ST. LOUIS -- Milwaukee continued its postseason road woes, dropping Game 3 to St. Louis, 4-3, as the Brewers take a 2-1 lead in the NLCS.

Hero:  The Cardinals third baseman went 3 for 4 with two doubles and the RBI that turned out to be the game-winner. Freese is hitting .500 in the series and .367 in the postseason, helping bring some pop to the back of the lineup. He leads all Cardinals with 11 RBI in the postseason and three home runs. 

Goat: Ron Roenicke said "something always good seems to happen when he's in there" when asked about starting Mark Kotsay. Something good did happen -- he homered to lead off the third. The problem was two bad things happened in the first because he was in the game. Kotsay was doubled off of second base on Prince Fielder's liner to center. And, in the bottom of the inning, he was unable to get a Jon Jay sinking liner and allowed it to get past him for a double, starting the Cardinals' big inning.

Turning point: The Cardinals batted around in the first, scoring four runs. But the bleeding could have stopped after three had Corey Hart been able to corral a liner by Freese. It appeared to go right off the tip of Hart's glove. Matt Holliday scored the Cardinals' fourth run in the inning.

It was over when …: When Cardinals closer Marc Rzepcynski got the one batter he came in to face -- Prince Fielder -- to strike out for the second out of the eighth. Lance Lynn stayed in to start the inning after pitching the seventh inning, getting Ryan Braun to ground out to second. Rzepcynski came in and struck out Fielder on four pitches. Jason Motte then replace Rzepcynski to strike out Rickie Weeks.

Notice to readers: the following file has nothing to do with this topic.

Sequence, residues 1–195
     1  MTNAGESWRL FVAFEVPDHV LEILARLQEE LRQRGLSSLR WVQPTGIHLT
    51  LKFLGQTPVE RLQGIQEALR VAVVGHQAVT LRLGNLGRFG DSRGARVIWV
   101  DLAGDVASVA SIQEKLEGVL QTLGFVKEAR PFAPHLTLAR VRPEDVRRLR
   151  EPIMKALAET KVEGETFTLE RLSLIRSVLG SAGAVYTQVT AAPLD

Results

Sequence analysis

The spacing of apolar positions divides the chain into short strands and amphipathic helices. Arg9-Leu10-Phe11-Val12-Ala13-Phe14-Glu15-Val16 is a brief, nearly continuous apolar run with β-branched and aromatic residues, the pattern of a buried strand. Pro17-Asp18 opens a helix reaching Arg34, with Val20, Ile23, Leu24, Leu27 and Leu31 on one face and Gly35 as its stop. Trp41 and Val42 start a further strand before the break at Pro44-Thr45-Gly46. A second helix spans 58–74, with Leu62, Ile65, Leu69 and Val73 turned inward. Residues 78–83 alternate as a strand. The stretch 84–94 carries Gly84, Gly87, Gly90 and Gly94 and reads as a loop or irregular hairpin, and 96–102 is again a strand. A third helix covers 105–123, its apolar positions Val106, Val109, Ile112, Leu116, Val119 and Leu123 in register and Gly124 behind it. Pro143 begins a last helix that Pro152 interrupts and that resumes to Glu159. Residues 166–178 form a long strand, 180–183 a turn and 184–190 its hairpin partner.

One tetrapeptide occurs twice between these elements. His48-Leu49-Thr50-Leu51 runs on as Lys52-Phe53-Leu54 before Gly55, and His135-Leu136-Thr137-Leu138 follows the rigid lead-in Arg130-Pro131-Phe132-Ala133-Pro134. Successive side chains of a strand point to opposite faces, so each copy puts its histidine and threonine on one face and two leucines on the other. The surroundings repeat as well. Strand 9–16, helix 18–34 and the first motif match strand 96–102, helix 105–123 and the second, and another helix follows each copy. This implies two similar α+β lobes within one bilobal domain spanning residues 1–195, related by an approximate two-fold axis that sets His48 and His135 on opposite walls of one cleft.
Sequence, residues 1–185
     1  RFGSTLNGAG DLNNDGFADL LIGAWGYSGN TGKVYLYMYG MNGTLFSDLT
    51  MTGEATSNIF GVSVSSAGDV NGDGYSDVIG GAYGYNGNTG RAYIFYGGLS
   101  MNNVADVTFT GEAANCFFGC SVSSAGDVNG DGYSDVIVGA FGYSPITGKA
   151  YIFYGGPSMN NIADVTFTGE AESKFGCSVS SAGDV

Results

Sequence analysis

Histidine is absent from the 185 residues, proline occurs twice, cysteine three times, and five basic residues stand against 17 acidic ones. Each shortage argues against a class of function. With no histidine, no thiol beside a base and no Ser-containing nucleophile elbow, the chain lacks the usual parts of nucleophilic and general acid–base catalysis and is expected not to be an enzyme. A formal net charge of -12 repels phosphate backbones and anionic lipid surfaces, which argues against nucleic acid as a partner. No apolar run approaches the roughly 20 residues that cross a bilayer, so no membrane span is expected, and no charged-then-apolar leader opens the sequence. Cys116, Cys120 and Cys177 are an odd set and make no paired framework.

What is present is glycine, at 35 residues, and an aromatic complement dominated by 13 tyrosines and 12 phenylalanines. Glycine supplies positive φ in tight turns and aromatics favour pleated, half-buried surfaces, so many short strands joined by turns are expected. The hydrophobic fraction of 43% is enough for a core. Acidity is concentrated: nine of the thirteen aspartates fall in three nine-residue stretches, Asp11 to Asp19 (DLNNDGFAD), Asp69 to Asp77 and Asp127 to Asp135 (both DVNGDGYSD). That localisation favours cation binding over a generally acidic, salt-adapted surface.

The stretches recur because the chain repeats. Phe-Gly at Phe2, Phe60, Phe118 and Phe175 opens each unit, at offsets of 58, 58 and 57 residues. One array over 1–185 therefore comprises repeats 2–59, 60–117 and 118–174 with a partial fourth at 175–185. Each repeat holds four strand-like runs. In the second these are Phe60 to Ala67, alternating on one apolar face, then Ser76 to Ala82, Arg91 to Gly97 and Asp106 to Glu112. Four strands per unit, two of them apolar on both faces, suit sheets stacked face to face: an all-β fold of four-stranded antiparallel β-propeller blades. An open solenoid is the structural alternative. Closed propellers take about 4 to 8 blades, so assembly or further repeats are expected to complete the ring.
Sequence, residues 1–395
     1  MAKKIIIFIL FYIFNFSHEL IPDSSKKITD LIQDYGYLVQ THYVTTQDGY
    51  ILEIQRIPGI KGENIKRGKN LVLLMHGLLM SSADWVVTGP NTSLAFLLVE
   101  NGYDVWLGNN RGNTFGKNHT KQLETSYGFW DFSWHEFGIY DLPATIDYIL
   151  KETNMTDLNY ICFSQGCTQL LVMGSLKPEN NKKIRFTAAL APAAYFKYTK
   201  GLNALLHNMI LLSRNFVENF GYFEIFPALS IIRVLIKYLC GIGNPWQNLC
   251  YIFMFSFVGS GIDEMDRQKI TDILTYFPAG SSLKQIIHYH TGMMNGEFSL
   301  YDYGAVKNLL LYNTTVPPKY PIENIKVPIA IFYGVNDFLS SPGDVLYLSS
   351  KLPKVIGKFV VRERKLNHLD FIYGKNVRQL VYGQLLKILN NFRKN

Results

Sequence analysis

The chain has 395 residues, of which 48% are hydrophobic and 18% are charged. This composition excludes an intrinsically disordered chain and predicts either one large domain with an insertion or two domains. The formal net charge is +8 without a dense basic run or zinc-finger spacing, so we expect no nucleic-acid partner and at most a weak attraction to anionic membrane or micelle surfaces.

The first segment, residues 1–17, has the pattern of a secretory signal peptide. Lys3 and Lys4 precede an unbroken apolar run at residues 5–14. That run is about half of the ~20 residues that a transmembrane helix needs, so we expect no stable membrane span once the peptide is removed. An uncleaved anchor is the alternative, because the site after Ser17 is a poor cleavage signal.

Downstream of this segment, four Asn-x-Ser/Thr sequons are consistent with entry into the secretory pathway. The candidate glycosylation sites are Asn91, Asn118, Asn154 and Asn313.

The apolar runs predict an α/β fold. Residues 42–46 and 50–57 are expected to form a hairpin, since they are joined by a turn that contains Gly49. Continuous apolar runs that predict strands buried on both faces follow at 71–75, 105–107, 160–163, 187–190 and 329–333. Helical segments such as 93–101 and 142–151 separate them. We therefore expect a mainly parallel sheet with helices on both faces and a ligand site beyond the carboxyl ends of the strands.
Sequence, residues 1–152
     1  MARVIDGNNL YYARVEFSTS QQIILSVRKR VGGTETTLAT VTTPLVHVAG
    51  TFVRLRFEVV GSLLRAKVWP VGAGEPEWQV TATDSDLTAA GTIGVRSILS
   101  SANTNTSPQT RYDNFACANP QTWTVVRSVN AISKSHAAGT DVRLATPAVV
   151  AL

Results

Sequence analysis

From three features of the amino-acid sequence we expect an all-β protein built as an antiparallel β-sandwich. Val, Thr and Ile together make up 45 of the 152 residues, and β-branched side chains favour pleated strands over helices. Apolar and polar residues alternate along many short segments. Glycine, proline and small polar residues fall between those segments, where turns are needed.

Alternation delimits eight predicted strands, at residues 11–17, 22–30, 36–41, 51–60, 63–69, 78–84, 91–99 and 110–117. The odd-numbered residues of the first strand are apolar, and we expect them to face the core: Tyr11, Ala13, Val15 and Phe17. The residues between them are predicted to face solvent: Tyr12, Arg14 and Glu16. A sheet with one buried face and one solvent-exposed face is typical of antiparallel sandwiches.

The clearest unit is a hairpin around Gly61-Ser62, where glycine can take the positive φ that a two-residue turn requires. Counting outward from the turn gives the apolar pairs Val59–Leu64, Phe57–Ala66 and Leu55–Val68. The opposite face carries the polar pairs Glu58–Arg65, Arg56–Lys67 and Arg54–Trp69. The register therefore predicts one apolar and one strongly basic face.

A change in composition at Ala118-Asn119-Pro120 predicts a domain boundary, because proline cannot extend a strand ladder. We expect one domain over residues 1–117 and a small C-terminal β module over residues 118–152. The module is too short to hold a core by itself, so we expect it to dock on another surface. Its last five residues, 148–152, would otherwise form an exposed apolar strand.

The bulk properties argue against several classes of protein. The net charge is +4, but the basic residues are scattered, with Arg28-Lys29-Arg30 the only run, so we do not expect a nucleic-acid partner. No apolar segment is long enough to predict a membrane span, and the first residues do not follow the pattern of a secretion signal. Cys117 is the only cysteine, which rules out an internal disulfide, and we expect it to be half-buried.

Next: The Brewers' Randy Wolf and Cardinals' Kyle Lohse face off in Game 4 on Thursday at 8:05 p.m. ET.

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Posted on: October 12, 2011 9:58 pm
Edited on: October 12, 2011 10:23 pm
 

Pitchers struggle early in NLCS Game 3

Yovani Gallardo

By C. Trent Rosecrans

ST. LOUIS -- That pitchers duel we expected in Game 3 of the NLCS? Well, that's not quite what we've got so far.

The Cardinals batted around in the first inning, scoring tour runs, while Chris Carpenter needed two double plays in the first three innings to avoid giveng up any more than three runs he allowed in the first third of the game.